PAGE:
David Essex and Rosalind Ayres in That'll be the Day (Claude Whatham, 1973)
That a new approach was needed would be confirmed to the EMI hierarchy by Losey’s next production for the company, or at least, attempted production – the disastrous Trick or Treat?, which as the BDC archives show, was abandoned after a few weeks of shooting having cost EMI over £150,000 (BDC 6/3/1/3). The BDC archives depict the fraught production, especially the struggles between the director, Michael Apted, and its main star, Bianca Jagger. There were also rumours published in The Daily Mirror and retained in the collection which allege that the production ran into trouble with the authorities in Rome (BDC 6/3/1/3); although when I spoke to Losey about this over the phone, he quashed these reports as mere publicity wheezes.
It was this film and the financial imperatives highlighted by Stardust which explains in part EMI’s ambiguous relationship with British cinema. For these productions made plain that the real money was to be had in ‘American’ filmmaking, and within a year of Trick or Treat’s failure EMI would appoint a new team to head up its film division, Barry Spikings and Michael Deeley, both poached from British Lion. Their approach was to co-fund each project with a major US studio, and they produced for audiences what looked like ‘American’ films – for example, they were responsible for the Oscar winning The Deer Hunter (Michael Cimino, 1978), and several cult classics like The Driver (Walter Hill, 1978).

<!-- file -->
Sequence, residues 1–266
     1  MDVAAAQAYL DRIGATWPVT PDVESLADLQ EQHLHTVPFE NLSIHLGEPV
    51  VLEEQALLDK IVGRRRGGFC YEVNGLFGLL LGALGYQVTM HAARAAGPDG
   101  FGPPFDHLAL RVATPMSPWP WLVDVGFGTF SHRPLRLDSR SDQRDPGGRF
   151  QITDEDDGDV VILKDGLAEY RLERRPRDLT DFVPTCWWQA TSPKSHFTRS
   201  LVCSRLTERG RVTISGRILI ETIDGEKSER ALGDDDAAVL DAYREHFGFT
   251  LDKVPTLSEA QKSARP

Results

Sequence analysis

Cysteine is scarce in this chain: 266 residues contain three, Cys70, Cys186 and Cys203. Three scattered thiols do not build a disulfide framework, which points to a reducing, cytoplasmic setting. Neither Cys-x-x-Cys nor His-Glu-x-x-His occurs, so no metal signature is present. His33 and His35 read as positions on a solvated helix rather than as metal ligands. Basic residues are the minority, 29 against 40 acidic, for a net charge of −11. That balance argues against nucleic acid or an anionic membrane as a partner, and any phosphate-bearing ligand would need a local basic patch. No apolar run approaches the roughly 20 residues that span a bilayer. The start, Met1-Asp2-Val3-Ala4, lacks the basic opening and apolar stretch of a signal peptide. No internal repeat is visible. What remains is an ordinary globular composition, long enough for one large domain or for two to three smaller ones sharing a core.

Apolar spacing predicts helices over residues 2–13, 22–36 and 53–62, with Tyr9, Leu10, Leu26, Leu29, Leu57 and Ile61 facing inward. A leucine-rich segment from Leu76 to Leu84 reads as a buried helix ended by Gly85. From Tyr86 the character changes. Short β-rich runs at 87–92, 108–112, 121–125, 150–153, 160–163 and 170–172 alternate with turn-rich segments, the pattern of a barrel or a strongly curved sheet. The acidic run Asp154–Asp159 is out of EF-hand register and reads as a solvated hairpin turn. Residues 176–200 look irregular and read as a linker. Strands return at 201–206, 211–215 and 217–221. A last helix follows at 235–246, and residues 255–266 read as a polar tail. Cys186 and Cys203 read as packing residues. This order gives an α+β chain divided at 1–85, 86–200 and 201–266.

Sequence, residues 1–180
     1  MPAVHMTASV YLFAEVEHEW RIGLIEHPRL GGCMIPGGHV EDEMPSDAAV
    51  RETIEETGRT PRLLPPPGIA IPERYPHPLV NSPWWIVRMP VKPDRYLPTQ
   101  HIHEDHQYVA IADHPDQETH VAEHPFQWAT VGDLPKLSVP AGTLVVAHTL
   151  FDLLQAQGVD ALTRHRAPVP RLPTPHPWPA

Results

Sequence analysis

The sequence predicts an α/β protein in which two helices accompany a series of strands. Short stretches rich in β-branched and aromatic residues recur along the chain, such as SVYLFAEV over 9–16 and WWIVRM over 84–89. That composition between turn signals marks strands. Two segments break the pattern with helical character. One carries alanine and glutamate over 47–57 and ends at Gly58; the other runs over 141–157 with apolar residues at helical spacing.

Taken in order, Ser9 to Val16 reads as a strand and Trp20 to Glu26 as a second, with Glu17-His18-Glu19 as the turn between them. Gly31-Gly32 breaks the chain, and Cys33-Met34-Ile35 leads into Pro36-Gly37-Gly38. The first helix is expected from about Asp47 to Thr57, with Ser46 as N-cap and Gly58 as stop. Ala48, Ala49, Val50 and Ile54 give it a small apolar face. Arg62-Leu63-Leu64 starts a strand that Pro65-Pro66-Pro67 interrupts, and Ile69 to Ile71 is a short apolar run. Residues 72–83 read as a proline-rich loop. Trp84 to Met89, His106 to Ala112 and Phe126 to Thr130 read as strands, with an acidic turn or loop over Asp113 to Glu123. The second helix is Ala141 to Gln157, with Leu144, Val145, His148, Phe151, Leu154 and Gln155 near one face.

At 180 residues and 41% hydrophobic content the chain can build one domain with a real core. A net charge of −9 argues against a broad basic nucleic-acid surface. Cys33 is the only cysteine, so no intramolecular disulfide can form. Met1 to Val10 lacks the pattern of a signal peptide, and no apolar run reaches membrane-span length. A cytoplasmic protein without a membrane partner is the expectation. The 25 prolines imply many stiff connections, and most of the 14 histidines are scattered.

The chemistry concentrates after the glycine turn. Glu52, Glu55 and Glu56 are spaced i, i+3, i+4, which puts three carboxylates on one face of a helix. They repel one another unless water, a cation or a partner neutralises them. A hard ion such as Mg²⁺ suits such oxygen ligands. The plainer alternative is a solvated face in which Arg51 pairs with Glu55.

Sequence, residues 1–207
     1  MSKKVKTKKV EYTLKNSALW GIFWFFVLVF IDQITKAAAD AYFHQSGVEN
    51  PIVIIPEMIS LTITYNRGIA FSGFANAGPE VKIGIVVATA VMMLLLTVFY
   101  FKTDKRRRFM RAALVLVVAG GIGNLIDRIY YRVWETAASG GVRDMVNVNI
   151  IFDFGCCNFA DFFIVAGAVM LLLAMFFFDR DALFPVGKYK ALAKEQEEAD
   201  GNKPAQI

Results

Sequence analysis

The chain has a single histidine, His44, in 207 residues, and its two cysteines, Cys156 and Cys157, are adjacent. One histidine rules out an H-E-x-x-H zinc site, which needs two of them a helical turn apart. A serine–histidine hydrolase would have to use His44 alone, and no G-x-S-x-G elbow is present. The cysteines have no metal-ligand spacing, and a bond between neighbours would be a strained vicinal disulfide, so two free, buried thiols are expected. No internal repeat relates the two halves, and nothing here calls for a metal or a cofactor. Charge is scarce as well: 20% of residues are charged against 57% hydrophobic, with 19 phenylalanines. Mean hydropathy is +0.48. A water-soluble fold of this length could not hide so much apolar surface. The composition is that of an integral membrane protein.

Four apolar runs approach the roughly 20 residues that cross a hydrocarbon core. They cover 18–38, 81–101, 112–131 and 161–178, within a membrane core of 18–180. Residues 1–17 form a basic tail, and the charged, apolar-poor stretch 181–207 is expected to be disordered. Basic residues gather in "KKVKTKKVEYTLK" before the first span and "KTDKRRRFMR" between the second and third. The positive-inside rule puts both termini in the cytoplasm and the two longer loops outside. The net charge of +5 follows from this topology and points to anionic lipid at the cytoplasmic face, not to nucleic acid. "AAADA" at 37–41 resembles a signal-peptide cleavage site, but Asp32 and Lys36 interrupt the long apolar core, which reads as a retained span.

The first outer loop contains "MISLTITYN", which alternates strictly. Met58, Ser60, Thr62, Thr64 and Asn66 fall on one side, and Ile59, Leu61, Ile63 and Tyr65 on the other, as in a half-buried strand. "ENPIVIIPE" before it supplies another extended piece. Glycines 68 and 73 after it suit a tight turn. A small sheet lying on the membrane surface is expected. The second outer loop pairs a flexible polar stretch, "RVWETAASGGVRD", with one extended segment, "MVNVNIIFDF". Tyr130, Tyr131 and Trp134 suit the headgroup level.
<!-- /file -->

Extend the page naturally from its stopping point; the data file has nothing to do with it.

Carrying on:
The success of their output (both critically and commercially) meant that by 1980, when presented with Don Boyd’s treatment for a satirical approach to the US obsession with the motorcar, Honky Tonk Freeway, they didn’t bat an eyelid at providing the film with a $20m budget. For comparison, Raiders of the Lost Ark (Steven Spielberg, 1981) cost just $18m and made over $220m in the US alone; Honky Tonk made barely over $2m and became one of the biggest flops of all time.
There are 36 items in Boyd’s papers at the BDCM which relate to this film, including all of Boyd’s correspondence with EMI regarding the production (BDC2/101), the EMI production file for the film (BDC2/633), post-production documents (BDC2/1161) and financial records (BDC2/1165 & BDC2/1167). It shows in detail how a film that Boyd had envisioned as a relatively small-scale character driven piece, gradually became inflated by EMI’s grand plans for its share of the international film market. It also highlights the ongoing conversations between Boyd and the film’s scriptwriter, Ed Clinton, who were trying desperately to retain control of the film.
Don Boyd on the set of Honky Tonk Freeway (top)
With John Schlesinger (left) filming Honky Tonk Freeway
Publicity photographs by Peter Sobel
These papers and others at the Bill Douglas Cinema Museum are instructive in terms of how a British film company rapidly came to dominate the British film industry, and almost did the same in Hollywood. Ultimately, like many companies before it, EMI took one risk too many, and gambled too much on one production. British cinema history normally focuses on a small selection of acknowledged ‘successes’, but these papers reveal a fascinating insight into two of the British film industry’s biggest failures, by two of its greatest ever independent producers, and tell us a lot about the cultural conventions that decide who or what can become part of the official ‘canon’.
The Elephant featured in Honky Tonk Freeway. Don Boyd on far left with John Schlesinger 2nd left. Publicity Photograph by Peter Sobel.
Paul Moody is a Senior Lecturer in Media and Communications at Brunel University London and his book, EMI Films and the Limits of British Cinema, will be published by Palgrave Macmillan in October 2018.